MOVIE REVIEW | The Big Chill (1983)

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Film maker’s telling truly personal stories can go one of two ways. When Scorsese gave us Mean Streets, we got a ground breaking, genre redefining classic that gave new meaning to the word ‘gritty’. Unfortunately , when Lawrence Kasdan did it, we got a naval gazing, self felating in-joke nostalgia fest. Even worse, it became a bit of an era defining classic. We got The Big Chill.


After the suicide of Alex, a group of old college friends who have all mostly lost touch, end up spending a weekend together, reconnecting, unearthing feuds that should have been left buried, and trying to come to terms with the death of their friend. But this isn’t just any group of old college friends. This is an all star cast of the early 80s’ biggest names.

Kevin Cline and Glenn Close are Harold and Sarah, the college couple who made it. Happily married with a couple of kids, a successful business and owners of the home where everyone has descended for a weekend long wake. Tom Berenger is Sam, a successful, but dissatisfied TV actor, and star of a show seemingly based on Magnum PI. Jeff Goldblum is Michael, an opportunistic tabloid reporter who seems more tolerated than liked by any of these people.

William Hurt is Nick, the lost soul who seems like it could have easily been his suicidal funeral they would be attending if Alex hadn’t beaten him to it. Mary Kay Place is Meg, the lawyer who has professional success but no personal life to speak of. Jobeth Williams is Karen, the bored housewife who wishes she never settled for the safe option. Meg Tilly is Chloe, Alex’s young girlfriend and the only houseguest who isn’t an old college friend.

The Big Chill is a story that’s obviously very close to Lawrence Kasdan’s heart, being based on his own experiences and friends from college. The only problem is, it’s a little too close and inside. I never felt like I was hanging out with a group of friends and in on their jokes. Instead, I felt like I was stuck with a group of people I’d never met before and was the odd man out. In the early stages, it’s not so bad. Karen’s husband, Richard (Don Galloway) is the movie’s odd man out and kind of acts as an audience surrogate, trying to find his feet amongst the group who know everything about each other. But he leaves early on, and the viewer is left to fend for themself.

The other thing that really shit me with The Big Chill is the soundtrack. It was a huge, monumental success. Full of standards from the characters’ college years, it’s supposed to represent how cool they were back then. But it’s the most obvious, chart topping hits. When I was at uni in the late 90s, anyone who listened to chart topping hits was someone to be avoided. How could you be friends with a person who liked Iris by the Goo Goo Dolls, or One Week by Bare Naked Ladies?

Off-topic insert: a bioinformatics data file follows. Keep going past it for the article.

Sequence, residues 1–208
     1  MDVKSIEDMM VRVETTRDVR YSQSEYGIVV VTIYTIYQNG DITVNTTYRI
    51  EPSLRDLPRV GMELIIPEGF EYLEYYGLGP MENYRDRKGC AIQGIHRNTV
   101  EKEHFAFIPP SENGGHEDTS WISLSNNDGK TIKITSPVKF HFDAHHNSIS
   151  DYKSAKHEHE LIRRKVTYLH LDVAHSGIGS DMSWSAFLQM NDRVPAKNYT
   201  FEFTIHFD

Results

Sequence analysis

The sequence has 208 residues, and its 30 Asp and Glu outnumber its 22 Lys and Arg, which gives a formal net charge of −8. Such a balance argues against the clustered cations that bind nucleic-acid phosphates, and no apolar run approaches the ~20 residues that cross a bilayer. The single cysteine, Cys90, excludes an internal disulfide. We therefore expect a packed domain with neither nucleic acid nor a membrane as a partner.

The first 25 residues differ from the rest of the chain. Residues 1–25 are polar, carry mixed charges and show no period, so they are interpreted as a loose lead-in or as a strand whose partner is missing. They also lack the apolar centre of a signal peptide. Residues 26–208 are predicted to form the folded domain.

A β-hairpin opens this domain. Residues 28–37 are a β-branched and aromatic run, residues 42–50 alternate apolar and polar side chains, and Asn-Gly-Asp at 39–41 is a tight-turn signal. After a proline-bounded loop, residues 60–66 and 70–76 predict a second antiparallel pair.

The only thing more obvious than the song choices is the way Kasdan decides to use them to hammer home every point he’s trying to make or mood he’s trying to evoke. I Heard it Through the Grapevine as each character gets ready for the funeral… You Make Me Feel Like a Natural Woman when several of the female characters are being sexed but good (because The Big Chill is the kind of movie where the dudes are doing the broads a favour by giving them a seeing to)… It’s like using Born to Be Wild in any motorcycle scene after Easy Rider… You just don’t do it!

There’s a great story to be told about aging hippies from the 60s, trying to come to terms with leaving the counter culture behind and becoming part of the system. That story was called Family Ties and it was one of the best sitcoms of the 80s. Maybe if you were a college idealist in the late 60s, and a 30 year old sell out in the early 80s, I can understand how this movie might have seemed relevant when it came out. But to me, The Big Chill is the worst kind of nostalgia, dressed up to look like the worst kind of melodrama.

On the upside, I mentioned the movie to a 23 year old I work with, and she’d never heard of it. So hopefully that means its reputation and notoriety are dying along with the generation it depicted.

The Big Chill
Directed By – Lawrence Kasdan
Written By – Lawrence Kasdan, Barbara Benedek

11 thoughts on “MOVIE REVIEW | The Big Chill (1983)

  1. I think this is the film that Kevin Costner played a corpse and the only character that I didn’t want to run over in my pristine, 2 door Ford Escort in 1984. I was on the side of the husband that left halfway through the weekend. What a bunch of arseholes.

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